War of the Rebellion: Serial 047 Page 0501 Chapter XL. CORRESPONDENCE, ETC.- CONFEDERATE.

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saw, and seemed to have been aimed at a fatigued party about half a mile above my headquarters. At 7 o'clock she is going back toward the fleet.

T. L. CLINGMAN,

Brigadier-General.

P. S.- Two two-masted steamers and a steam tug are returning with her.

CHARLESTON, S. C.,

November 12, 1863.

General JOSEPH R. ANDERSON,

Richmond, Va.:

DEAR GENERAL: I thank you for your kind note of the 9th instant, and the slips of paper from the Scientific American. My ordnance officer here had already tried some experiments with the celebrated Yankee Creek-fire, taken from some of their unexploded shells, and found it to be a mere humbug; one pint of water extinguished the quantity held by one shell. Moreover, the 12 or 14 shells which have fallen in the city fired only one house, which was extinguished with one bucket of water. What a nation of humbugs and humbuggers; and how incorrigible they are, always passing from one absurdity to another still worse! I sincerely hope we have parted company with them forever.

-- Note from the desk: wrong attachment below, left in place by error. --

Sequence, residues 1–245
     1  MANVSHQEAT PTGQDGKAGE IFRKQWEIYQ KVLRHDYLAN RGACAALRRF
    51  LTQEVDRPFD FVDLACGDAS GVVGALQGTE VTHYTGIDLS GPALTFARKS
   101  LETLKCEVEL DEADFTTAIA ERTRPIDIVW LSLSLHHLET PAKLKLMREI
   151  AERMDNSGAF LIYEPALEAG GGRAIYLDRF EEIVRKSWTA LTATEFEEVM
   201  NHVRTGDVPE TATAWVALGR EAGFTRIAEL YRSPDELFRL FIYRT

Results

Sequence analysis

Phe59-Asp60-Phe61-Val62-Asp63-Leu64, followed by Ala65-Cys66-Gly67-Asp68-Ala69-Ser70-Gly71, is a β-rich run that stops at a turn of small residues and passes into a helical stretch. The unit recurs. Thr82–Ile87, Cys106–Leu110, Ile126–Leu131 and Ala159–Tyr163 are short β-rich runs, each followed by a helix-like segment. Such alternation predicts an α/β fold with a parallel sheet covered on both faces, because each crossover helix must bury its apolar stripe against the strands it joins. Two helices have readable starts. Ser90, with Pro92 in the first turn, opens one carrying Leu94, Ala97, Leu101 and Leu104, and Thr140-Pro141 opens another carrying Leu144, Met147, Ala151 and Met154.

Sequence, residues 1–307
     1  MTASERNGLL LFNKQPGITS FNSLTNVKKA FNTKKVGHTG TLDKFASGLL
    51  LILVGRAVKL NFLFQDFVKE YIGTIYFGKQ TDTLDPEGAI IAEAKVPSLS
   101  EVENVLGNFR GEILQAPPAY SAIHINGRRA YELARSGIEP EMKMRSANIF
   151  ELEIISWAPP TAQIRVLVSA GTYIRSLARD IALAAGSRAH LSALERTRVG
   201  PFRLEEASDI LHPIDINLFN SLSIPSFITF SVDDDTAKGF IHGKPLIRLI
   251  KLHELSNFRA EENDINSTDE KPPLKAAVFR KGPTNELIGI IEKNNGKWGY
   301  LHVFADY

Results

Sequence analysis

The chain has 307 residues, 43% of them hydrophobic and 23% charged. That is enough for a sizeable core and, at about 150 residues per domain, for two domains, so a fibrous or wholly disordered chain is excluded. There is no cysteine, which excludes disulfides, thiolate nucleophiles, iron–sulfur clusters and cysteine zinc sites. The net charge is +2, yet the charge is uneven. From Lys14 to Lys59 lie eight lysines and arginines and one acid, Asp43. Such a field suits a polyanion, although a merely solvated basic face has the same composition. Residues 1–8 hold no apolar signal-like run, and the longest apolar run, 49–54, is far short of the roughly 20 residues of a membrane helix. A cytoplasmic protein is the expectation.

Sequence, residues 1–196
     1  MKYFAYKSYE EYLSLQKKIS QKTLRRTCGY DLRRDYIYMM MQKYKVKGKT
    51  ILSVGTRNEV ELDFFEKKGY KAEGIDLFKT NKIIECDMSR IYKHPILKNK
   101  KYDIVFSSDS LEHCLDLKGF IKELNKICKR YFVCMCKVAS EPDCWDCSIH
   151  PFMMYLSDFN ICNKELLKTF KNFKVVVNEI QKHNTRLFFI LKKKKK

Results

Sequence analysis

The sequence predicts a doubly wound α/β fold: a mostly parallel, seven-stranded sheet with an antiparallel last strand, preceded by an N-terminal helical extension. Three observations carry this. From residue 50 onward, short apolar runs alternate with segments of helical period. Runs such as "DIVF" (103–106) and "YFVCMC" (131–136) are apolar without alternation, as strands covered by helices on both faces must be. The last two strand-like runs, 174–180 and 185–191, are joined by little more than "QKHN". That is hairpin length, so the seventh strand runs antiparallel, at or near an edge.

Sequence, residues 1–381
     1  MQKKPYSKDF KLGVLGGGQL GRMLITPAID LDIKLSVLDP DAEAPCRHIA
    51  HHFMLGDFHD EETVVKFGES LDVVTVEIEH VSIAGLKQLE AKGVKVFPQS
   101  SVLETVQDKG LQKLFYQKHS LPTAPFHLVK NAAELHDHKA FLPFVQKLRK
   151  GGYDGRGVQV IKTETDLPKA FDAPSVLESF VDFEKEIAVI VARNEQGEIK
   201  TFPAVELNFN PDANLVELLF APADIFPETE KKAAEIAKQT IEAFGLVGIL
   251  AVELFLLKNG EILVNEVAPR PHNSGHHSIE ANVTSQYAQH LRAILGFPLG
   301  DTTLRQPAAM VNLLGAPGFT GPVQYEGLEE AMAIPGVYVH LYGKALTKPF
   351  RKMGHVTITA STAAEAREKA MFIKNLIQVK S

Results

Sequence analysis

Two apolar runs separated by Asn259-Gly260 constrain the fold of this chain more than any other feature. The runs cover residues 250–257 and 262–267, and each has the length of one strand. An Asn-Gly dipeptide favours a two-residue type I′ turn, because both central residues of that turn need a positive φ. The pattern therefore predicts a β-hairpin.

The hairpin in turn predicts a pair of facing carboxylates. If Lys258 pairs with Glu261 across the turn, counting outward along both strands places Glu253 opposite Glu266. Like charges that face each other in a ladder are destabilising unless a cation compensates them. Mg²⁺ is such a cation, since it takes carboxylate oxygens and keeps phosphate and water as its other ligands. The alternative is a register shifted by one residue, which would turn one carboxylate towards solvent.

Gillmore seems to be at a lost what to do next. I believe he has got to the end of this rope. He will probably soon commence pulling at another, with which I trust he will hang himself.

In haste, yours, very truly,

G. T. BEAUREGARD.

P. S.- I am in possession of a "liquid fire" which will make the Yanks open their eyes whenever I commence using it against their encampments.

HDQRS. DEPT. SOUTH CAROLINA, GEORGIA, AND FLORIDA,

Charleston, S. C., November 12, 1863.

Major MOTTE A. PRINGLE,

Quartermaster, Charleston, S. C.:

MAJOR: Have a steamer in readiness to-night at Fort Johnson wharf, to take on re-enforcements in case of an assault by the enemy on Fort Sumter. Let the captain report to, and receive instructions as to his movements incase of an emergency from, Captain Porcher, of the Juno, in order that he may act in accordance with the same instructions which Captain Porcher has received for a similar case.

By order of the commanding general:

Respectfully, your obedient servant,

H. WEMYSS FEILDEN,

Assistant Adjutant-General.

CHARLESTON, S. C.,

November 13, 1863 - 10.30 a. m.

General S. COOPER,

Adjutant and Inspector General, Richmond, Va.:

We are sadly in need of 10-inch mortar shells - nearly all mortars have silent over three weeks; they should be now our principal